Tuesday 22 January 2019

Fraudsters hit Irish speakers in email scam

WARNING: Tax refund offer is fake

THE Revenue Commissioners have warned the public of a new email scam targeting Irish speakers.

Purporting to be from the Revenue, the bogus email tells recipients they are entitled to a tax refund of €284 and requests bank details.

The text is written in Irish, giving it an air of authenticity, but the public has been told not to be fooled.

"The Revenue Commissioners have today become aware of another fraudulent email purporting to come from Revenue seeking personal information from taxpayers in connection with a tax refund," a statement said.

The communication is described as a "phishing email" containing a link to a form, which seeks "personal information, including debit/credit card details".

The attachment mimics an official Revenue document.

"This email, which is the latest in a succession of scams targeting Irish taxpayers, did not issue from Revenue," the statement added.

It said it never sends "emails which require customers to send personal information via email or pop-up windows".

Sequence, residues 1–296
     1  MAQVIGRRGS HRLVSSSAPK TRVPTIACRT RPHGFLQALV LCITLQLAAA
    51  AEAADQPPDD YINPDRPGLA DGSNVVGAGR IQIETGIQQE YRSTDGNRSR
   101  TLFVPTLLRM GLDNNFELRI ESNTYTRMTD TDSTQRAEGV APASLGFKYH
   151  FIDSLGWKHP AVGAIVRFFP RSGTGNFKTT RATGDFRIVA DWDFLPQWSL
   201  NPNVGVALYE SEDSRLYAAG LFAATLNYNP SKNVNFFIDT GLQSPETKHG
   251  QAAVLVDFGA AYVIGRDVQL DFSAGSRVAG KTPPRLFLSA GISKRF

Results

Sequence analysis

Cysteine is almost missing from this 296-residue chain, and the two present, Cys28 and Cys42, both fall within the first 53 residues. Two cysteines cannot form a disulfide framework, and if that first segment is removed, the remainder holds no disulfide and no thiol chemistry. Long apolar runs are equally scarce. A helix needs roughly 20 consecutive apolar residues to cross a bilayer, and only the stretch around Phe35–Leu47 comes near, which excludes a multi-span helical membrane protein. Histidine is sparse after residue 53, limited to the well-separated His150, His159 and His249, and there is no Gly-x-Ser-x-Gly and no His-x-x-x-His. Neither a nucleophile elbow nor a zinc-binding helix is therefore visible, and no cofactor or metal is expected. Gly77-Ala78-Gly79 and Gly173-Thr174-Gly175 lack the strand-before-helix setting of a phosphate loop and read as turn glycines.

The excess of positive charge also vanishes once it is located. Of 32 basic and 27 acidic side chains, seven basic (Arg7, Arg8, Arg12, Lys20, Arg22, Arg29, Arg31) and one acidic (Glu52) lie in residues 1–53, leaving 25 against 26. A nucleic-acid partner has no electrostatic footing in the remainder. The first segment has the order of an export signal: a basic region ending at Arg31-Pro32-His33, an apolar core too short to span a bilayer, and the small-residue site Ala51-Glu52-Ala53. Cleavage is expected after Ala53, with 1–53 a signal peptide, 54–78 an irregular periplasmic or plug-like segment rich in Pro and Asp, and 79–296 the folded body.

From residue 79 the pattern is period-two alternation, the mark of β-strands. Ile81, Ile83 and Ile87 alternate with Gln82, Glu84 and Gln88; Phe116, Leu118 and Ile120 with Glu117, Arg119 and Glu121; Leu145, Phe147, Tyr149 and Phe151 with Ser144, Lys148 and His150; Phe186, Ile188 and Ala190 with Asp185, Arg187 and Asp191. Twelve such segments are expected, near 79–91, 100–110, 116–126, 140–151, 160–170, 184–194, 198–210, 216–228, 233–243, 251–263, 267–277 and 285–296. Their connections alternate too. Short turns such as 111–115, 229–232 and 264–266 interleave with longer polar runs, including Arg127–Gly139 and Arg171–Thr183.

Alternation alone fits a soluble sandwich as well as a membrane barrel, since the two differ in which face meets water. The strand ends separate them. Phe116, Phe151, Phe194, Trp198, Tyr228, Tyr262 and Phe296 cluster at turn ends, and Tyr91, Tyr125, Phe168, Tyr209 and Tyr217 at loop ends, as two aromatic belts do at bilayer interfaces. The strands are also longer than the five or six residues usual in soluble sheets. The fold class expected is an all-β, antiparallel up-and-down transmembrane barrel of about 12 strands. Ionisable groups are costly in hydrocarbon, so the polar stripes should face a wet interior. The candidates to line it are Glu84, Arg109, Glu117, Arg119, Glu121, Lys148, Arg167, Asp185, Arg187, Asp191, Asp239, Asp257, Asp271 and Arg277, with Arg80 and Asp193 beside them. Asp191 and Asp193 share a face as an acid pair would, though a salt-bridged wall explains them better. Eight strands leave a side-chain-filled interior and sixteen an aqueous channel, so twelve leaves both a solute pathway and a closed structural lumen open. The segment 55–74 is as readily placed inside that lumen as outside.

Members of the public are advised to delete emails they suspect "to be fraudulent or a scam".


And those who have "provided personal information" in response to the scam emails "should contact their bank or credit card company immediately".

Taxpayers have been regularly targeted by fraudsters seeking private details.

In a previous con, a scam email was sent as the October 31 tax deadline approached.

Again, it sought bank account information so that a supposed tax refund could be made.

Headed You Are Eligible To Receive A Tax Refund Of €320.50, it was accompanied by a credible website reproduction.

In another scam, the passport number and other details of at least one person were compromised last October following a fraudulent email purporting to be from the Revenue. It asked users to input personal details, including their passport number and expiry date.

Following a warning by the Department of Foreign Affairs, the Passport Office received a call from a person who had provided their details.

The individual was advised to get a new passport and their previous passport number was treated as stolen. Interpol was also alerted.

It is not clear who is behind the bogus emails but they all follow a similar pattern.


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